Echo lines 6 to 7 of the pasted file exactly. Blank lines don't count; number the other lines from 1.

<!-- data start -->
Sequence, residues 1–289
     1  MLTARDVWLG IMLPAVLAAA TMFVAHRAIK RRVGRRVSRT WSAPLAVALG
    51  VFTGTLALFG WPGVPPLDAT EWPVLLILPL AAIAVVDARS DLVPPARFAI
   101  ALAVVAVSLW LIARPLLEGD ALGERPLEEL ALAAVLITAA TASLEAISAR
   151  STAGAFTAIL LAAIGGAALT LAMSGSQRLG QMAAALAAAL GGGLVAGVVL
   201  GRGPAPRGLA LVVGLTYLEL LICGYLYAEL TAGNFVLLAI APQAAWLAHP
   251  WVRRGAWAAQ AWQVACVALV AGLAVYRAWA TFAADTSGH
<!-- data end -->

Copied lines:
   201  GRGPAPRGLA LVVGLTYLEL LICGYLYAEL TAGNFVLLAI APQAAWLAHP
   251  WVRRGAWAAQ AWQVACVALV AGLAVYRAWA TFAADTSGH